STAYING ON BOARD-MAKING THE MOST OF THE SHIP….

The perfect spot for some personal down time...

The perfect spot for some personal down time…

For most people, a cruise is a fantastic holiday that takes them to a string of interesting places that they have never seen before in most cases. So the urge to get off and explore- to get out there and see what these places are all about- is quite obviously a totally compelling thing; numero uno for most passengers, in fact.

Yet there is a small, growing band of people who do not bother to get off the ship at all in maybe one, or even two, headline ports. They choose instead to remain on board, soak up the sun and maybe use the pools. The bars and buffet are still open, so it’s still a full service experience.

This is especially so on the modern ships, with their dizzying array of water parks, rock climbing walls and roller blading tracks. In the old days, the ship used to be a hotel that transported passengers around the highlights of a cruise region. Now, with mega ships like Norwegian Breakaway and Oasis of The Seas, the ship has become the destination in and of itself.

And yet…. this is not as new a phenomenon as you might think. Back in the eighties, I met a couple aboard the Norway. They were on their ninth Caribbean cruise aboard her, and they never, ever, went ashore at all. They simply enjoyed having that vast amount of floating real estate to kick back on.

I found this strange, but after a few years I found myself slowly sagging into a similar state of mind. Especially in the middle of a long Mediterranean or Baltic itinerary, a ‘cathedral day pass’ can be the perfect way to recharge your batteries, and just generally spoil yourself.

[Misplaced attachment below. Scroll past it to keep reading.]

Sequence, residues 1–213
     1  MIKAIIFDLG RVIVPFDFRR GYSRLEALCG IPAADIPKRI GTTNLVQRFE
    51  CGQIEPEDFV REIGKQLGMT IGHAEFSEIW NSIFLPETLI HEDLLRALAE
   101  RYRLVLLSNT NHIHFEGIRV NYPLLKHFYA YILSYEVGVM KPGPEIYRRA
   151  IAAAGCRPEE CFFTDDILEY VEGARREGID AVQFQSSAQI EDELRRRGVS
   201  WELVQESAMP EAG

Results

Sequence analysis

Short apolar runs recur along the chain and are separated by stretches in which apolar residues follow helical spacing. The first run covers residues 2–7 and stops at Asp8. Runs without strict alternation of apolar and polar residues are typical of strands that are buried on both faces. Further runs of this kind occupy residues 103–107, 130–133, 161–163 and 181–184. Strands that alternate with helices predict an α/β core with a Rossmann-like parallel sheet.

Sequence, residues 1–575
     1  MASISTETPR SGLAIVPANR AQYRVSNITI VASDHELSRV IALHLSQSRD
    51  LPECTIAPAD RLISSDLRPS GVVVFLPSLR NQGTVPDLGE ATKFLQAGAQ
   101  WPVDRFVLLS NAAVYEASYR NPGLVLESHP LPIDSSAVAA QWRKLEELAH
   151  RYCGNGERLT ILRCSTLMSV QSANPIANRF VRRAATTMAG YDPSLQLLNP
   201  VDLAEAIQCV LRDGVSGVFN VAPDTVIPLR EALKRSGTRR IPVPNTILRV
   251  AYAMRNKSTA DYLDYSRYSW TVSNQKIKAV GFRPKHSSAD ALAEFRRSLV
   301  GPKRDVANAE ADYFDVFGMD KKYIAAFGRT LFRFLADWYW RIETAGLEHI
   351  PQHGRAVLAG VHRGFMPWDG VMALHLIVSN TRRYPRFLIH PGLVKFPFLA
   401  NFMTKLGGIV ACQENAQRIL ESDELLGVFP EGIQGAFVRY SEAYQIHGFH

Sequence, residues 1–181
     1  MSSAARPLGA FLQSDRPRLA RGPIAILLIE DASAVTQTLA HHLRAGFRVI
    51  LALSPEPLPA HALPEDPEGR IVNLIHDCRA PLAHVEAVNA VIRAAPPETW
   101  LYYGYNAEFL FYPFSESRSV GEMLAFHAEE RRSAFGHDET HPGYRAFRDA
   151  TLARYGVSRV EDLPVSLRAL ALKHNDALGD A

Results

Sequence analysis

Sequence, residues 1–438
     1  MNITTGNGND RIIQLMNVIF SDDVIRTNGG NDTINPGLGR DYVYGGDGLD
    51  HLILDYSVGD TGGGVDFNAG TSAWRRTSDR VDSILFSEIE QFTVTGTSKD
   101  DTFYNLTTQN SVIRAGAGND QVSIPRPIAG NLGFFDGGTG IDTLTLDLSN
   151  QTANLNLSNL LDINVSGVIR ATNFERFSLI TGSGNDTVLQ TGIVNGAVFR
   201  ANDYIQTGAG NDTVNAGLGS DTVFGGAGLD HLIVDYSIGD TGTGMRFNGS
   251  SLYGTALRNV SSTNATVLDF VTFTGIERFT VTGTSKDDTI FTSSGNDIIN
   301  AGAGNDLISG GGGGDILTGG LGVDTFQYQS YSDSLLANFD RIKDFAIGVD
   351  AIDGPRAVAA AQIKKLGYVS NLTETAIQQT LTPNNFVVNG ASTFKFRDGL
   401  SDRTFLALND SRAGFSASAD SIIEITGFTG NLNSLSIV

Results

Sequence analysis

And few things beat just a good, old fashioned spot of in port decadence on your own private balcony. Nothing brought this home like a day docked in Nassau last year, aboard the Seven Seas Navigator.

And. Re-lax....

And. Re-lax….

Across the pier from us, an enormous mega ship almost blotted out the sun. Sadly, not nearly enough for the conga line of hot and bothered passengers that snaked back to the end of the pier and probably beyond that, par boiling in that pitiless heat.

I really felt for them, as I lay there in my bathrobe, drinking the champagne I had on ice and picking at succulent chunks of delicious cold lobster. Sometimes, less effort definitely produces greater rewards. Truly, we live and we learn.

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